Evoking the Communist tradition of Karl Marx, Leon Trotsky and Vladimir Lenin, the Chicago-based International Socialist Organization (ISO) aspires to "organize activists in workplaces and communities and on campuses in order to mobilize opposition to all forms of oppression and exploitation." The chief source of this oppression and exploitation, in ISO's view, is capitalism -- whose inevitable by-products are poverty, environmental degradation, war, famine, and most other ills that plague humanity. ISO places the blame for international strife largely on the United States, and more specifically the Republican Party, calling President Bush the "bigot-in-chief" and characterizing the "dynasty" of the Bush family as a "virus."
Founded in 1977, ISO traces its intellectual antecedents to Trotskyism and to a rejection of Shachtmanism, so named after Max Shachtman, the onetime head of the Socialist Workers Party; Shachtman and his followers generally supported the hard-line Cold War-era stance against Communist expansionism. Still, ISO rejects the state-sponsored Communism found in China, Cuba, and the old USSR, on the grounds that those states merely create structures to alienate workers from their labor and the sources of capital in the same way that the Western democracies do.
ISO claims the need for permanent workers' revolutions, in the tradition of Trotsky and his denunciation of the Stalinist state. The organization maintains an educational program calling for socialist workers’ revolutions in a variety of venues, including workplaces and college campuses.
ISO's website maintains links to the websites of numerous socialist groups in France, Australia, and Ireland. In 2000, ISO attracted a large number of new members when it worked for the presidential campaign of the Green Party's Ralph Nader. The following year, a small group of ISO members broke away from the group and created a new organization called Left Turn. Currently, ISO claims a membership of approximately 1,000 and publishes the weekly newspaper Socialist Worker, whose articles condemn capitalism and imperialism, and whose editorials call on "militant workers" to form a "revolutionary socialist party." It also publishes the journal Socialist Review. In addition to its national office in Chicago, ISO maintains six regional branches.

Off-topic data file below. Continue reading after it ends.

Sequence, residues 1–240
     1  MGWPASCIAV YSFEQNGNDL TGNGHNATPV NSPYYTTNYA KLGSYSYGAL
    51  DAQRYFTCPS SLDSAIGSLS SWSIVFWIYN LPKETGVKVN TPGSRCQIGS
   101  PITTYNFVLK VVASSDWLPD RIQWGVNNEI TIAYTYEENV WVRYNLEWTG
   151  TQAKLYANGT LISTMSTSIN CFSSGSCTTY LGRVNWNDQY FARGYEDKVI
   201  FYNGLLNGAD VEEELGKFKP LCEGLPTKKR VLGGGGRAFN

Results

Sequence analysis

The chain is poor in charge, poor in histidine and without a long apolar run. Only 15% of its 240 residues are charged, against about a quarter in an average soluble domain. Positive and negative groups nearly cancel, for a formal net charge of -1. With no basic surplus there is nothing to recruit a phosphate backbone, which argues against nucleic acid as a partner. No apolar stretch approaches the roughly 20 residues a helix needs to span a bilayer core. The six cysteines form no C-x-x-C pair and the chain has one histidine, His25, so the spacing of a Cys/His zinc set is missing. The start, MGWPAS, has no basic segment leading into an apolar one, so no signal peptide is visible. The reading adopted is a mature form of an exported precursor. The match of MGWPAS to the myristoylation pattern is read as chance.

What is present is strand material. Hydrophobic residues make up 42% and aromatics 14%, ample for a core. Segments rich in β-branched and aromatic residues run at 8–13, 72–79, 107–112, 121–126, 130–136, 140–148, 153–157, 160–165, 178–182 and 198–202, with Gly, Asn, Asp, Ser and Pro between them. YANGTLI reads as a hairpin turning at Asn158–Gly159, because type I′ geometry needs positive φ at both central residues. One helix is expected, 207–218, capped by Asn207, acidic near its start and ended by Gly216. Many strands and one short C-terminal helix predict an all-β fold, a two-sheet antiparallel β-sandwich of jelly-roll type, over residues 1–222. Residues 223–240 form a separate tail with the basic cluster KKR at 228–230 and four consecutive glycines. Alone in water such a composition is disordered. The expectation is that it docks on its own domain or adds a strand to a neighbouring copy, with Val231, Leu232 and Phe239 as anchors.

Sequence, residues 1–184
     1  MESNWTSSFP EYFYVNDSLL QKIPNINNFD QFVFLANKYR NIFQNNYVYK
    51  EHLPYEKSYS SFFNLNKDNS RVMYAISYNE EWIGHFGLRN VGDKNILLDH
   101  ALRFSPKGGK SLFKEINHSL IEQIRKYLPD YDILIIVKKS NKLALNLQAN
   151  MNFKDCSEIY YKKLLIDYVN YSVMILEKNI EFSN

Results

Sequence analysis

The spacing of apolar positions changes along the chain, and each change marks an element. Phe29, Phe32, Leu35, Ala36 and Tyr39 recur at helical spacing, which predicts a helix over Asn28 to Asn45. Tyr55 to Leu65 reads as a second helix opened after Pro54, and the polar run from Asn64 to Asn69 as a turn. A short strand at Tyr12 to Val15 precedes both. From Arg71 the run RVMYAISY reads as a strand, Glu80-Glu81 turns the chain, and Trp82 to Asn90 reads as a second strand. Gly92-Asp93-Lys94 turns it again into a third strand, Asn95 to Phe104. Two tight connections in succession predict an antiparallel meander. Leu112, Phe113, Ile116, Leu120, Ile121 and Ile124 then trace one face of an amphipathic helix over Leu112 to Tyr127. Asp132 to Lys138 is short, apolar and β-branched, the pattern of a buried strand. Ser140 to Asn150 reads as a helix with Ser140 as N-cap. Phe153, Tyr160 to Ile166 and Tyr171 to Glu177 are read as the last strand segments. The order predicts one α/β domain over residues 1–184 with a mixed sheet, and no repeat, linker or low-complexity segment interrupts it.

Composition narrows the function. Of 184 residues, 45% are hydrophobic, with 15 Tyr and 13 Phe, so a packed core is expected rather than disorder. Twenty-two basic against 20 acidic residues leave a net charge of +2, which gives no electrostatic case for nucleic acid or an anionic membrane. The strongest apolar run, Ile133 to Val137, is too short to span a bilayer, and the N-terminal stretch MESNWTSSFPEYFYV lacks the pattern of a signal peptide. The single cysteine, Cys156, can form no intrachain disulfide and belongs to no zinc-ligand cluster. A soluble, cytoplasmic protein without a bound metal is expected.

Among ISO's official policies are a rejection of U.S. military intervention in Iraq and Afghanistan; an effort to inspire anti-war sentiment on college campuses (particularly by creating fears of a renewed draft); a push for expanded rights for illegal immigrants and unregulated, open borders; and the condemnation of capital punishment.
ISO disparages the Patriot Act and other government efforts to strengthen national security as malicious assaults on civil liberties. It is a member organization of the United for Peace and Justice anti-war coalition led by Leslie Cagan, a longtime committed socialist who aligns her politics with those of Fidel Castro's Communist Cuba.
ISO views terrorism against U.S. targets and those of America's allies (most notably Israel) as the justified actions of desperate people who have been mistreated for too long by those nations. With regard to the 9/11 hijackers and Palestinian suicide bombers, for instance, ISO asserts, "They weren't born wanting to become suicide bombers. But their lifetimes of humiliation … made them open to terrorism as a means to avenge their oppression."
In 2002, ISO joined the C. Clark Kissinger-led organization Refuse & Resist, a subsidiary of the Revolutionary Communist Party, in condemning military tribunals and the detention of immigrants apprehended in connection with post-9/11 terrorism investigations.
The ISO website discloses no names of the organization's leadership.